Now, she said, she wonders how diners can countenance their meals. She feels uncomfortable when she sees restaurants whose masked servers are tending to packed tables of maskless, laughing diners. Most of the precautions at restaurants protect the served, not the servers, she observed.
“I feel like it’s gone from hospitality to servitude,” she said. “It’s like I’m looking at people eating on the top deck of the Titanic.”
How risky is restaurant work, actually?
It’s not great. “We’ve learned that masks can help prevent transmission of the virus from the person wearing the mask, but when you’re eating you can’t wear a mask,” said Robin Patel, president of the American Society for Microbiology.
“By analyzing credit card location data, JPMorgan Chase has found that in-person spending at restaurants is strongly predictive of infection spikes.”
While picking up viruses from surfaces is still a potential issue, Patel said person-to-person transmission has emerged as the most serious risk. While many restaurants initially opened in outdoor settings, others are now opening indoors ― and indoor spaces tend to recirculate the same air, viruses and all. No matter how widely spaced the tables, that means servers are in danger. (Diners too, but hey — they’re paying to be there.)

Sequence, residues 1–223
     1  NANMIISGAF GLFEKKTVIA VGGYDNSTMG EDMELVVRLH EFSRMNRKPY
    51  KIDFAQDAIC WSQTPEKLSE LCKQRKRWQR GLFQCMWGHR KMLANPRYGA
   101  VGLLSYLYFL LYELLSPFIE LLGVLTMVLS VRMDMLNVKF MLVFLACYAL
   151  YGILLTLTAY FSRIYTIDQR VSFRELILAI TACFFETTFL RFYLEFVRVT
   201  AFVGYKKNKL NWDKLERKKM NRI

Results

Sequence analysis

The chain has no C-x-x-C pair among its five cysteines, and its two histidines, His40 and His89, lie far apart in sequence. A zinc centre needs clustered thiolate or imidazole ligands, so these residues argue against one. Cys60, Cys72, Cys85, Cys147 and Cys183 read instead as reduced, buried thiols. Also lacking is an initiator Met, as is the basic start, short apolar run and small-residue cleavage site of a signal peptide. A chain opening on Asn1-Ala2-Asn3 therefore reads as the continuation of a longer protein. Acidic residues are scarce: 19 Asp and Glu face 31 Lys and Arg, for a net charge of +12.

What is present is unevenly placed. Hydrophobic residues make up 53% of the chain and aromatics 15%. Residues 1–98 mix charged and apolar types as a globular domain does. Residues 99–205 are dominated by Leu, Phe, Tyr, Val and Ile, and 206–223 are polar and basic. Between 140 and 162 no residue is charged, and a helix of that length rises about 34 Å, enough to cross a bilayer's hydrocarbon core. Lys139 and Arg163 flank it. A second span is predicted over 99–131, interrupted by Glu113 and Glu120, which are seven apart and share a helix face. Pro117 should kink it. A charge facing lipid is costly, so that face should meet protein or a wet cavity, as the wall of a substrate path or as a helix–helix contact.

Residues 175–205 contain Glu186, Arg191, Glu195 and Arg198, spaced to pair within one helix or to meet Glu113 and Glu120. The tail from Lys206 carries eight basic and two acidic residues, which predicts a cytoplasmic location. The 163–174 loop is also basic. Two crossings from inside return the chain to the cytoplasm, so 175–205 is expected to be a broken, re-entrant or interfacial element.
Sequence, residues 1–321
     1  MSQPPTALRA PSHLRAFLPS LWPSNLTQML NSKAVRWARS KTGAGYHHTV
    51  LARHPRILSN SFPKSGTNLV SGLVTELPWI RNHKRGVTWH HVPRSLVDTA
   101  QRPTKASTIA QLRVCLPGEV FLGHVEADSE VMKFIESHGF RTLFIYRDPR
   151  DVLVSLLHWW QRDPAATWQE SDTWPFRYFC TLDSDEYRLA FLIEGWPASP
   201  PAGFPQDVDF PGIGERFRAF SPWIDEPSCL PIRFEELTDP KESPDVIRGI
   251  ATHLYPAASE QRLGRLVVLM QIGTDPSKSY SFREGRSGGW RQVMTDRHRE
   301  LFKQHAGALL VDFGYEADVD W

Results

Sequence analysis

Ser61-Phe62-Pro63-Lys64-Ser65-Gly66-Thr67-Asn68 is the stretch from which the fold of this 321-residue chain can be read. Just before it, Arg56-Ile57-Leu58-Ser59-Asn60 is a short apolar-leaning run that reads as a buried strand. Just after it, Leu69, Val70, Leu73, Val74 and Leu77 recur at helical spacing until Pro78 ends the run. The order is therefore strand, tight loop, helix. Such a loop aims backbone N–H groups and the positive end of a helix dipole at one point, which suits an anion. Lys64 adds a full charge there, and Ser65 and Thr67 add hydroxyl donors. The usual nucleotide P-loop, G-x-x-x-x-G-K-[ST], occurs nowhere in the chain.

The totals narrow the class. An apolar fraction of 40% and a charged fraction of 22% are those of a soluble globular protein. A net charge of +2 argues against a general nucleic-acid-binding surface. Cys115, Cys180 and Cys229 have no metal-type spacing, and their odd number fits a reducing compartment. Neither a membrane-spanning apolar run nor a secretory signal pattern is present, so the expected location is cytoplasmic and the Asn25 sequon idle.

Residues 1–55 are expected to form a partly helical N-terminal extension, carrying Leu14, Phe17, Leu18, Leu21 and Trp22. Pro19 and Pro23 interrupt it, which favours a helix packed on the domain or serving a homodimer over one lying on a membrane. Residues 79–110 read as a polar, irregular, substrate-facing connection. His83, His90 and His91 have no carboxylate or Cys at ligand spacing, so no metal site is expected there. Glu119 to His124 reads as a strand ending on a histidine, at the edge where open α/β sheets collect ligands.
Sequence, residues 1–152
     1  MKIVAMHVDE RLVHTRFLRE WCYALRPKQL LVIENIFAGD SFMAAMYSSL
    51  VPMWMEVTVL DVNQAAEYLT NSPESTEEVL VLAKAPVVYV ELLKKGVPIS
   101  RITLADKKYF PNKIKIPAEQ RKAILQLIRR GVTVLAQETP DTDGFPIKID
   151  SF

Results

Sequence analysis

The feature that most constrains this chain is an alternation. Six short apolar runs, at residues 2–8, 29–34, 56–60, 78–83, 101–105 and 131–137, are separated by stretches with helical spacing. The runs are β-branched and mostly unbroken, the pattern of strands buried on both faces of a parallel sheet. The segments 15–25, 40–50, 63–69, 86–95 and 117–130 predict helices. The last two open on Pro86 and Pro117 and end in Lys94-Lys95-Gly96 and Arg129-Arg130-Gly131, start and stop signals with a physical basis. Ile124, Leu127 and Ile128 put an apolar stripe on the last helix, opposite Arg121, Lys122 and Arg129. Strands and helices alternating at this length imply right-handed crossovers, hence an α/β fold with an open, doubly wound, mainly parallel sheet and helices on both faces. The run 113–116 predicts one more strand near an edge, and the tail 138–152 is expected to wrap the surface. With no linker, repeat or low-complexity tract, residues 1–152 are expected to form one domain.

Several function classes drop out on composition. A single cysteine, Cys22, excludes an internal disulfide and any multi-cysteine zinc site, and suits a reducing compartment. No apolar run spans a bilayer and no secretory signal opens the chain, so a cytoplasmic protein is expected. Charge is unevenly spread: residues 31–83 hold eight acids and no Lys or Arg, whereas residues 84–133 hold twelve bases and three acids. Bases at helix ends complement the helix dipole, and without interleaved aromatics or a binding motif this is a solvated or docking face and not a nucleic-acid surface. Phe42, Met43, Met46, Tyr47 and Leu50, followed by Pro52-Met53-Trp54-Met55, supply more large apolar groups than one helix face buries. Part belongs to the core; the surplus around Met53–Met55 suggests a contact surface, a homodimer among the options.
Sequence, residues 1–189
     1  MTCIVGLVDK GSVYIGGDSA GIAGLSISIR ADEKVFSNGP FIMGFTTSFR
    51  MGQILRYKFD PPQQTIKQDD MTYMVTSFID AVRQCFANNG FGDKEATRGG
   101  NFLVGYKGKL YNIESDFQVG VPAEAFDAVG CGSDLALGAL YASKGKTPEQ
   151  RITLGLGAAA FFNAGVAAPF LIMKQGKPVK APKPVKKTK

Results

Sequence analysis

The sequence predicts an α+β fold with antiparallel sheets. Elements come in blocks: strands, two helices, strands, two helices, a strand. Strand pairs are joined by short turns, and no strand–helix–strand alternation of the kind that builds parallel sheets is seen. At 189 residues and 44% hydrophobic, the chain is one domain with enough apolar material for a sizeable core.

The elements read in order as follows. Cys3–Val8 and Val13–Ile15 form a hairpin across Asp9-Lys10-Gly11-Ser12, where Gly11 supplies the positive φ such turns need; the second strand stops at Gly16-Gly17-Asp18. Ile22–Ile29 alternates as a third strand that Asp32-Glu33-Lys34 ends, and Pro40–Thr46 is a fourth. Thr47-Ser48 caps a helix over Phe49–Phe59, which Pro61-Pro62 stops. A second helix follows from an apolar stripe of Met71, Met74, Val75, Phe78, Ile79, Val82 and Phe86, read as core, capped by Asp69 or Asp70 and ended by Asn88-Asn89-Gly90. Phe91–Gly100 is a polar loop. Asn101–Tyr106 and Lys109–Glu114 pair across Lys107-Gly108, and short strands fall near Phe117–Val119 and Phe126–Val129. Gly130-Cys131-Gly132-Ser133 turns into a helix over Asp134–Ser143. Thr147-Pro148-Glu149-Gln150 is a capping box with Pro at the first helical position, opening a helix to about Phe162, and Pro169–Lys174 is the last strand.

And we no longer need to rely on virus modeling alone. Since restaurants began reopening in some places a month ago, public health officials have watched them emerge as coronavirus hotspots.
Restaurant workers across the country have tested positive for COVID-19, from Pennsylvania to Washington, D.C. to Texas. A single bar and grill in Lansing, Michigan, is the source of at least 152 confirmed cases of the coronavirus.
By analyzing credit card location data, JPMorgan Chase found that in-person spending at restaurants is strongly predictive of infection spikes.
And in some places, including New Jersey and much of California, governors have reversed the trend toward reopening indoor dining altogether.
So we asked an ethicist if dining out is ethical right now.
Call a virologist for a headache-inducing description of how germs can waft through the air; if you’re wondering about the right way to behave, dial an ethicist.